Obeah is a term applied to African spiritual traditions used by enslaved people in British colonies in the Caribbean.
There are several theories about the origins of the word obeah – some argue it has Akan origins, others Igbo or Efik.
Debate exists amongst historians about whether obeah was an inherently negative practice or whether it had positive and negative applications. Obeah definitely possessed the power to do harm, given its role in providing justice, which like European legal systems involved serious punishments for wrongdoing. Obeah therefore can be seen to represent spiritual power amongst the enslaved which was not inherently positive or negative. As it was used in aid of resistance by the enslaved and represented an alternative authority to that of the colonisers, it was made illegal and denigrated by Europeans, a stigma which it has carried ever since
Obeah was made illegal following its use in the orchestration of the 1760 Jamaican slave uprising Takyi’s War (1760). A document housed in Lambeth Palace archives, as part of the Fulham Palace papers, gives a good indication of the centrality of obeah to this uprising. A letter was written by the Anglican rector of the parish of Westmoreland in Jamaica, W. Stanford, to Bishop of London, Beilby Porteus. It states that during the uprising the enslaved were
“…under the most powerful influence of Obia or Witchcraft, the fear of which…prevented our best disposed negroes from being faithful in the instant of danger…”
In Takyi’s War, ritual specialists or ‘obeahmen’ are known to have acted as advisers to the leaders of the plot. Obeahmen are known to have administered oaths to the conspirators which were intended to guarantee the secrecy of the plot. This involved drinking a mixture of grave dirt, rum and blood, which would cause death to anyone who betrayed their comrades to the colonisers. One of the foremost leaders in the Maroon Wars in Jamaica 1655-1740, Nanny, was an obeah woman.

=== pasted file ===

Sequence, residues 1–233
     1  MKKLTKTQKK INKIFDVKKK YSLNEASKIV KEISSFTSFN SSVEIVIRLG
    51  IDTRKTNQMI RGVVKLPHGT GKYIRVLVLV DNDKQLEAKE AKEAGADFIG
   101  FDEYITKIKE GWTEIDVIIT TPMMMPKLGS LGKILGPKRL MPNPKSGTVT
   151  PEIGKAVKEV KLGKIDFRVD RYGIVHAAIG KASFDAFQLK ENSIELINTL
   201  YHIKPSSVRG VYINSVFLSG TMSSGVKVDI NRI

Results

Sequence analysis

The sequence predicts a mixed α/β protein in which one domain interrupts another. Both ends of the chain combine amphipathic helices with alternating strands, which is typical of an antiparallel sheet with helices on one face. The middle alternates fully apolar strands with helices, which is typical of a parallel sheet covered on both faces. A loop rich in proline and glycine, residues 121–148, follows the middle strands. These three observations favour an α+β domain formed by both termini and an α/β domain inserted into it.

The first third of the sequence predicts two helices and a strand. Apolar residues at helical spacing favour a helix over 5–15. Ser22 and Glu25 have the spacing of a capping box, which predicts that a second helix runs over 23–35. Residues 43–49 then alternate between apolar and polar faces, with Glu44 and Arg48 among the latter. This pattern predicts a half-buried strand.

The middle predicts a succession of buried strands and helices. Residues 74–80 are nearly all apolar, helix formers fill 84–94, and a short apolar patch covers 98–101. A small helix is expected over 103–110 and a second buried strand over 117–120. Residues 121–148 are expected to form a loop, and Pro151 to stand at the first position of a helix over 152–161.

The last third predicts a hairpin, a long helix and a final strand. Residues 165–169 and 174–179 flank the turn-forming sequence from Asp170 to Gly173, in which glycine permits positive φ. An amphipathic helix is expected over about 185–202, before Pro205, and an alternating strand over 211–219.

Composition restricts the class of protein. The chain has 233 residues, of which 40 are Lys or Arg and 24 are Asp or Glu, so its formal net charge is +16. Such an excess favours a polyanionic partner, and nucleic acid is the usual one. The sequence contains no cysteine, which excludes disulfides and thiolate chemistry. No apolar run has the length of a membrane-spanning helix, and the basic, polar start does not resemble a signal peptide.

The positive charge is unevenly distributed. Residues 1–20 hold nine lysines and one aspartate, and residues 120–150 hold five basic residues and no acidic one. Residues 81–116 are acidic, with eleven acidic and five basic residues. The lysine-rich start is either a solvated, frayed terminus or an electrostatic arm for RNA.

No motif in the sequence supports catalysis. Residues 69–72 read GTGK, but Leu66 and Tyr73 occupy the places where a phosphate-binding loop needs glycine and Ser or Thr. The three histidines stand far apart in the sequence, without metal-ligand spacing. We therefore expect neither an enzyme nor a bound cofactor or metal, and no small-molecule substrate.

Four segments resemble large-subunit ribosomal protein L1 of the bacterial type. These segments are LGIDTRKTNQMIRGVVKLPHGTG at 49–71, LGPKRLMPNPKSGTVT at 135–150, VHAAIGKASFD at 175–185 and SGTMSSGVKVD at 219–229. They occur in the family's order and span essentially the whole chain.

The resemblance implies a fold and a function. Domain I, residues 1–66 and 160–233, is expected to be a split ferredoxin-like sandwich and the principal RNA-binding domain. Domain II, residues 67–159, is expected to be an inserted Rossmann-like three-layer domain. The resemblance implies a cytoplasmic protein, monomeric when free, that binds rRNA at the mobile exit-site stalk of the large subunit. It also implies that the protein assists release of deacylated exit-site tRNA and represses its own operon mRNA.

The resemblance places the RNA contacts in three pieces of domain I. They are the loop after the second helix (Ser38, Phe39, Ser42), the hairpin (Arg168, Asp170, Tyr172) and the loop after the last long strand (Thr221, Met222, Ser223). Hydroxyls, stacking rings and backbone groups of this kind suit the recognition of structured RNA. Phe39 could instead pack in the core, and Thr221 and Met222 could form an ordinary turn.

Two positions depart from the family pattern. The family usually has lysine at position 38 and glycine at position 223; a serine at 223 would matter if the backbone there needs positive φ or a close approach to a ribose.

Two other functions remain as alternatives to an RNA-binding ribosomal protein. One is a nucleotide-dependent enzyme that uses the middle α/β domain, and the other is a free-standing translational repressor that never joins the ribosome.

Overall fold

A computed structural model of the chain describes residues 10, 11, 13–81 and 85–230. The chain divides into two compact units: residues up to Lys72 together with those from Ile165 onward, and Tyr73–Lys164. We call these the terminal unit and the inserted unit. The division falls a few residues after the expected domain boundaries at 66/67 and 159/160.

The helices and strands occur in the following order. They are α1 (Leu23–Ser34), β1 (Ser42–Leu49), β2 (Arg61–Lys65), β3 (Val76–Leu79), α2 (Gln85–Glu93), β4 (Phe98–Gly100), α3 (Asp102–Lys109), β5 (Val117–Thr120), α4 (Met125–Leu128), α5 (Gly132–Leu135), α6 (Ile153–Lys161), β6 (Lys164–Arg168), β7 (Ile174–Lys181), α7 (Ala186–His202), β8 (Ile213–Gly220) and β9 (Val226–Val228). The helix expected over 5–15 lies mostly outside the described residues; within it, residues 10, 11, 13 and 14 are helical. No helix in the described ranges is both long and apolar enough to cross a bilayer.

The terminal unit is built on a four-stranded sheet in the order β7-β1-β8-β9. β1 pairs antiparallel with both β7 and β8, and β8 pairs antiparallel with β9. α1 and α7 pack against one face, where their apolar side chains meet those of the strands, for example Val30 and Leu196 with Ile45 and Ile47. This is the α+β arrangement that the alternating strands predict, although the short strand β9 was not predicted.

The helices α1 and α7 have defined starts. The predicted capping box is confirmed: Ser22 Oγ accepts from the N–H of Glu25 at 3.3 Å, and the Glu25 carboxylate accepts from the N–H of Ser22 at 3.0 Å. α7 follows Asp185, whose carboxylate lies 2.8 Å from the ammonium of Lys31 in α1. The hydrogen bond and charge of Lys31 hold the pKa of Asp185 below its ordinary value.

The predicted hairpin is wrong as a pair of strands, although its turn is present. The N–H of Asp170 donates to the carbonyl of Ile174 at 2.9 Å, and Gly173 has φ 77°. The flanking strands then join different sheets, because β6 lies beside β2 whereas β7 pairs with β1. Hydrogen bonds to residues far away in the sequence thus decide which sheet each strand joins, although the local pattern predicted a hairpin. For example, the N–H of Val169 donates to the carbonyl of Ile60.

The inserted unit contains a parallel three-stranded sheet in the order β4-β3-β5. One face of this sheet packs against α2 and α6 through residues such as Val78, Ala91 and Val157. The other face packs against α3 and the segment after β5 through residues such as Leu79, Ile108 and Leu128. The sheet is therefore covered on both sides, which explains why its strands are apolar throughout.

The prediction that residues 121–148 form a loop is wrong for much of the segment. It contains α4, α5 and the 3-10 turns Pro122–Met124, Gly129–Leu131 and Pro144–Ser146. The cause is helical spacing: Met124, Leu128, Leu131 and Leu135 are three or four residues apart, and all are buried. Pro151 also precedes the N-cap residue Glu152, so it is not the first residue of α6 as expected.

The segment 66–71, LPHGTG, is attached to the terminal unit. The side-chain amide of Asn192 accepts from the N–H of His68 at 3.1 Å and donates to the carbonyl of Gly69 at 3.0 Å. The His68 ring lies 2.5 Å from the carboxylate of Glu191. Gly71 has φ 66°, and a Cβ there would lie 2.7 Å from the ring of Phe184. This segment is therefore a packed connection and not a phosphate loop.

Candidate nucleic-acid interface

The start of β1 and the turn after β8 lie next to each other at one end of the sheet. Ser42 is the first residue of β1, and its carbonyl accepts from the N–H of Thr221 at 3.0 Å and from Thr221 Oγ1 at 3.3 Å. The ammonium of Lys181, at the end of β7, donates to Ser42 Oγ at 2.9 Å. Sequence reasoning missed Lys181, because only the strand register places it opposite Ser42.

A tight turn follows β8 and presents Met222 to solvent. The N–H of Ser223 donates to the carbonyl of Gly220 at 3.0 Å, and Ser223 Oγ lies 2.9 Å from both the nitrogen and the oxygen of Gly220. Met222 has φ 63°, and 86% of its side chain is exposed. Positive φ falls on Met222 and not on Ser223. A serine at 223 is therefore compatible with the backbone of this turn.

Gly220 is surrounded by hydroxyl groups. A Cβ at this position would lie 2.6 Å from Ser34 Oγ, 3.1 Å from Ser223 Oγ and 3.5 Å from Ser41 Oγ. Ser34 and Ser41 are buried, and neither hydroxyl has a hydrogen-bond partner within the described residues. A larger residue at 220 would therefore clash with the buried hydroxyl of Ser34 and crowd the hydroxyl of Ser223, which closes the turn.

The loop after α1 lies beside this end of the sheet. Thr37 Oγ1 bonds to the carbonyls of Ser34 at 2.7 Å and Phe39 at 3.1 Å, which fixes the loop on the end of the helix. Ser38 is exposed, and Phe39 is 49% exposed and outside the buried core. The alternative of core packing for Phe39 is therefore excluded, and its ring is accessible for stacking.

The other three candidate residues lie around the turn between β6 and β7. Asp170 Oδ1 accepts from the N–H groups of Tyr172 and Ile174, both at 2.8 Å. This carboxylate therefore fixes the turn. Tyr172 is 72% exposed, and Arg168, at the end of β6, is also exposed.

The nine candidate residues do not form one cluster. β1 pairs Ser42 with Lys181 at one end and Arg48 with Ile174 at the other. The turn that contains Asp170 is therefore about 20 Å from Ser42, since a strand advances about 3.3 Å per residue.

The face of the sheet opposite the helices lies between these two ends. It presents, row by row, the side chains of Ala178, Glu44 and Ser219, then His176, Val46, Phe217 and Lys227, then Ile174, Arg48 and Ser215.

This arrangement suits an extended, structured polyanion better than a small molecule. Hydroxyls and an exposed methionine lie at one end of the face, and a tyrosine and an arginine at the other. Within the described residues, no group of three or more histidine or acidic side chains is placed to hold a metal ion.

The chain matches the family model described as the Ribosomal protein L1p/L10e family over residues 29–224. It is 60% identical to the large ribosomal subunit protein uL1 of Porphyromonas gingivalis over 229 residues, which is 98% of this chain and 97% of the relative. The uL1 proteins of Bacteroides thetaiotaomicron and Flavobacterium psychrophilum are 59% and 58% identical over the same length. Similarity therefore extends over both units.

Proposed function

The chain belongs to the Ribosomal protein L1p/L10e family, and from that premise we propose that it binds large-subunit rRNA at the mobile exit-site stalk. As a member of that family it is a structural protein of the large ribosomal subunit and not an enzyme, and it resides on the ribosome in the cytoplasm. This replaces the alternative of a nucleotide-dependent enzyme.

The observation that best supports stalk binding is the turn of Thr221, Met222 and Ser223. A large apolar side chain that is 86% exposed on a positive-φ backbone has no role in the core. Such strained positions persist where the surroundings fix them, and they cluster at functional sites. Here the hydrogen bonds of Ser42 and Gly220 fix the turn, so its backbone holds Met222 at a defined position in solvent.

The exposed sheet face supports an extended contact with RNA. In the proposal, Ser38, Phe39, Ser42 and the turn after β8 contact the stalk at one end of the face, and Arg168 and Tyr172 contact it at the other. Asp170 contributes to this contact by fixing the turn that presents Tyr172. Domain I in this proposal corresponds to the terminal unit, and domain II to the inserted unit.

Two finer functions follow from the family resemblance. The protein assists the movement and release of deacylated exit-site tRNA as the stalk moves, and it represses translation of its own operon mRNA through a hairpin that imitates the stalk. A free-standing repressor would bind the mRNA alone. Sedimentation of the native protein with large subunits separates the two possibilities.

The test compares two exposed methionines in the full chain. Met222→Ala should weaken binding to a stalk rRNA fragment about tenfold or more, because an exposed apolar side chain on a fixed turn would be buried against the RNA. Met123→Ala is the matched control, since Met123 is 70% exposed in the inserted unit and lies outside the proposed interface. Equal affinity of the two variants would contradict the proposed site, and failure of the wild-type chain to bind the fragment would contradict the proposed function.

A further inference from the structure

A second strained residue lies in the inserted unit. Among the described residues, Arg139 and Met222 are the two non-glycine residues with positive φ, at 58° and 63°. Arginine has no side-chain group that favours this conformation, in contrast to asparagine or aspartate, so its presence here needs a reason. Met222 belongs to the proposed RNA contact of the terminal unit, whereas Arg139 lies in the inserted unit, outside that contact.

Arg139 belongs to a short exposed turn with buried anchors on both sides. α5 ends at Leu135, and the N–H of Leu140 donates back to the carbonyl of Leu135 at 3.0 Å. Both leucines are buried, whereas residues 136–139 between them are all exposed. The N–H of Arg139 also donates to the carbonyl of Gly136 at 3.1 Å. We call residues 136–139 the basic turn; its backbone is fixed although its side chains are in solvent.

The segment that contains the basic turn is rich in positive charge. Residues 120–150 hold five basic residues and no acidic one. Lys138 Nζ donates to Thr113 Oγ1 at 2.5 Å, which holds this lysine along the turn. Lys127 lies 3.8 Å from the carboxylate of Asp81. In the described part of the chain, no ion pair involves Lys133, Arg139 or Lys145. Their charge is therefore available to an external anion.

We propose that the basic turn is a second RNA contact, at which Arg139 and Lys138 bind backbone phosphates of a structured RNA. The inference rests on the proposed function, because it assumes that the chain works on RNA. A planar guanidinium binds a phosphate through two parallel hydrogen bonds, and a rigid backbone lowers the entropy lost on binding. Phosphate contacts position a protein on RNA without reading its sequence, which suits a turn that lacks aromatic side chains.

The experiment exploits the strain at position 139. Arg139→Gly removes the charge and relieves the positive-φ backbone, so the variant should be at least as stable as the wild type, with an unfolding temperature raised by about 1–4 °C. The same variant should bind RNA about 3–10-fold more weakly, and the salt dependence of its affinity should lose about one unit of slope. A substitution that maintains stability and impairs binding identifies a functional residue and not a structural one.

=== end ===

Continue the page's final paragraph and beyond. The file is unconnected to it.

Obeah was just one of many manifestations of African spiritual traditions in the Americas. The enslaved were from many different cultures, with different beliefs. As such, several spiritual practices were reproduced in the Americas. These were not exact replicas of the African traditions of the societies the enslaved were taken from, but some resembled closely the practices of a specific culture. The Shango religion in Trinidad, for example, was influenced by the large influx of Yoruba speaking peoples in the early 19th century. Santería which is practiced in Cuba, also closely resembles the Yoruba spiritual tradition, however, there the Yoruba pantheon of deities was fused with the Catholic canon of saints, as the beliefs of the enslaved blended with those of the Spanish who controlled that island. A similar process, led to the fusing of Catholic saints with the deities of the West African spiritual tradition of Vodun, which manifested in the practice called Voodou in present day Haiti. In other cases, the influence of European missionaries led to the adoption of Christianity by the enslaved, but this was invariably fused with African traditions. The Black Baptists, in Jamaica are a notable example of this. The enslaved, therefore, borrowed from Europeans where necessary, but also carefully preserved their traditions, transforming them for their new environment.
Thanks to Isaac Crichlow for his research on obeah.